In 2013, a visual artist named Doug Aitken embarked on one hell of a rail trip. He took a train, transformed it into a “kinetic light sculpture” by mounting LED screens on its sides, and then invited a stunning collection of artists from all walks of life and disciplines to hop on and off as the train journeyed from New York to San Francisco, stopping occasionally to perform a series of “Happenings” along the 24-day, 4,000-mile ride. Aitken also filmed everything that happened — and Happened — along the way.
Given the raw material that such an adventure provides, Aitken could have easily assembled a straightforward documentary out of his footage, and it could have been fascinating. But what he actually did is even more intriguing. Breaking the footage down into 62 minute-long short films, Aitken doesn’t just document what happened on the trip, he continues it, turning Station to Station into a project almost as ambitious as the train itself.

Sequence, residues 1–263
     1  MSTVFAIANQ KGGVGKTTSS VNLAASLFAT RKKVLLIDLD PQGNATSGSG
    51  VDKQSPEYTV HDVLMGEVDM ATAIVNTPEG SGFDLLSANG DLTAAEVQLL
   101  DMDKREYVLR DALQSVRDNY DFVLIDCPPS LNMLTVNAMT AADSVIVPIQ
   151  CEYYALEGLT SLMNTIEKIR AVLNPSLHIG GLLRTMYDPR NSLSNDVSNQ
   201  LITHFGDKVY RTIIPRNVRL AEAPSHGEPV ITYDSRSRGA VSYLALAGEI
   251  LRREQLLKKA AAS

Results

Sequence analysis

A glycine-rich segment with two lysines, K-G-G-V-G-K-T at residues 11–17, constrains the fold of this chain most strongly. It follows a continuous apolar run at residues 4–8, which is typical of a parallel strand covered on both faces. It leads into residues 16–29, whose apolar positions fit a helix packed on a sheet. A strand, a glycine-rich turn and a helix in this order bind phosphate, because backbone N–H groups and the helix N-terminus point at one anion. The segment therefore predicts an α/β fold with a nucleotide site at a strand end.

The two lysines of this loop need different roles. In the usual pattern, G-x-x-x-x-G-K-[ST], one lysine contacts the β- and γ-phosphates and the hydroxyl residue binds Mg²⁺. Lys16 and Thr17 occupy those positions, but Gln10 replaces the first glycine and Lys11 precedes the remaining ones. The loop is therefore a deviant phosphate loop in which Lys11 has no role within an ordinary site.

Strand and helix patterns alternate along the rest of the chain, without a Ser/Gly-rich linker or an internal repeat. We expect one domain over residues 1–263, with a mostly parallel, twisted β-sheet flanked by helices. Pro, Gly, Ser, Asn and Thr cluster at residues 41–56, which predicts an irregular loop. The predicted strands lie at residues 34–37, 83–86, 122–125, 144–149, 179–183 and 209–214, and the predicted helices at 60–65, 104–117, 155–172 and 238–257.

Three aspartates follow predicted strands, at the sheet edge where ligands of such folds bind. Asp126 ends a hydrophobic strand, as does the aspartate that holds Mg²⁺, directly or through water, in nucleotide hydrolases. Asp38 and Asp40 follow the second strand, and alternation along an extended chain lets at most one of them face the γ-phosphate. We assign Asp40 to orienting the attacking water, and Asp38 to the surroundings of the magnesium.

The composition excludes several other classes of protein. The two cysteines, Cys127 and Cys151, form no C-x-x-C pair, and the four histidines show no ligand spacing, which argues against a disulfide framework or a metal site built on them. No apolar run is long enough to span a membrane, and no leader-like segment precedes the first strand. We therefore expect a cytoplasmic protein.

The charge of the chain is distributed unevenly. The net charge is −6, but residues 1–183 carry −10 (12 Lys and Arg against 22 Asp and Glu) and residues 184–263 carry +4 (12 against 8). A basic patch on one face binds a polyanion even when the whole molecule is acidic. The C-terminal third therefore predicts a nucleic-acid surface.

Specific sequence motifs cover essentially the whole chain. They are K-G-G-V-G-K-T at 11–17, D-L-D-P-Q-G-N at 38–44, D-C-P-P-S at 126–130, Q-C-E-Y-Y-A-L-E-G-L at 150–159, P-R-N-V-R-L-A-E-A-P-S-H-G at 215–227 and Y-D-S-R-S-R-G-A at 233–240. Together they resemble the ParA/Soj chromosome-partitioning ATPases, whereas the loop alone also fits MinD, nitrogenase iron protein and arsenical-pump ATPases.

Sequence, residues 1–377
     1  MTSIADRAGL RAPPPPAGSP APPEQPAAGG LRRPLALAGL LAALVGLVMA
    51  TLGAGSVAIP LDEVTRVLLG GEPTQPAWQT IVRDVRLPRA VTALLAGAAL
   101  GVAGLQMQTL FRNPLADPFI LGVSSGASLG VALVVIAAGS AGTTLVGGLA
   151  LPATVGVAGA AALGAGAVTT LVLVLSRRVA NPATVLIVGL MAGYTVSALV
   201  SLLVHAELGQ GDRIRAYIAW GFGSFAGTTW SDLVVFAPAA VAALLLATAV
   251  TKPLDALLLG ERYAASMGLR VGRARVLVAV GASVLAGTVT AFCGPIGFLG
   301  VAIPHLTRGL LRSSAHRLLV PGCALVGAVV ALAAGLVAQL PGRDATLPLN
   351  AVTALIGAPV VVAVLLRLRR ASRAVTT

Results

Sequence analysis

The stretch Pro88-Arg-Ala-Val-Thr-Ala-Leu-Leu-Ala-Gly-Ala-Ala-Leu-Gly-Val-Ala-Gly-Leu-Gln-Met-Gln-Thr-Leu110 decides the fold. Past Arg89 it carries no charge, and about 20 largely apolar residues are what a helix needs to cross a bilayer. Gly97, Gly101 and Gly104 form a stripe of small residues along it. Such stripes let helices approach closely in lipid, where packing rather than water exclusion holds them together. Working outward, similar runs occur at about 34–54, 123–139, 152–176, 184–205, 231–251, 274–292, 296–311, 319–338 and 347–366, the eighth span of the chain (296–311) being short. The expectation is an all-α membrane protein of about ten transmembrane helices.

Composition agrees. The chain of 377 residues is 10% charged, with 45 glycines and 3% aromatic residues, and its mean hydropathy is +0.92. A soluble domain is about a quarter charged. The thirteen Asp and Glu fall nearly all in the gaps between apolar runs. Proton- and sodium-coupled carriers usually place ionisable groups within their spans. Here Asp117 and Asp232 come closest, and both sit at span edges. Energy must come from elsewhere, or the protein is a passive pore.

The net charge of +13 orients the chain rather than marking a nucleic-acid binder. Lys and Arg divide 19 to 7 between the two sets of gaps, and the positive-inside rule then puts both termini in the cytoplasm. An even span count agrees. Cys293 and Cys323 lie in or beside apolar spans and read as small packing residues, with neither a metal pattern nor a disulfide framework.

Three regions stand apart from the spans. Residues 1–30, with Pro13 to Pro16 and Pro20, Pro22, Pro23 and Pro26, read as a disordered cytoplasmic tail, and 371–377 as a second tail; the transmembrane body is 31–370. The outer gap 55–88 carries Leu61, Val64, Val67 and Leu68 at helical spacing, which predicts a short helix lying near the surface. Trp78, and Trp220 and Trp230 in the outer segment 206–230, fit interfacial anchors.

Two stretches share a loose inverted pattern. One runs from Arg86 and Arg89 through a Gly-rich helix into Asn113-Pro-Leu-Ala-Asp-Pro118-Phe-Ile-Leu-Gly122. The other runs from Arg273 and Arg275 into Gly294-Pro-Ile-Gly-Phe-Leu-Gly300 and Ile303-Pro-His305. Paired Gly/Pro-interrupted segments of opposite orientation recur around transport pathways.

The shorts are a diverse lot, featuring everything from dance and musical performances to visual art creation, memoir, rhythmic whipping, and auction chanting and captured both on the train and in rail towns along the way. One minute you’re watching a snippet of a performance by the likes of Thurston Moore, Mavis Staples, Cat Power, or Beck, and the next you’re watching a high school marching band take over a parking garage. The minute after that, quite literally, you’re back on the train, watching the American landscape race past the feet of a pair of flamenco dancers.
The transition from film to film is sometimes jarring, sometimes illuminating, and sometimes frustrating, but it’s always interesting. Watching all 62 of them consecutively provides an experience every bit as exciting, thought-provoking, and ultimately ephemeral as an LED-laden train full of artists passing in the night.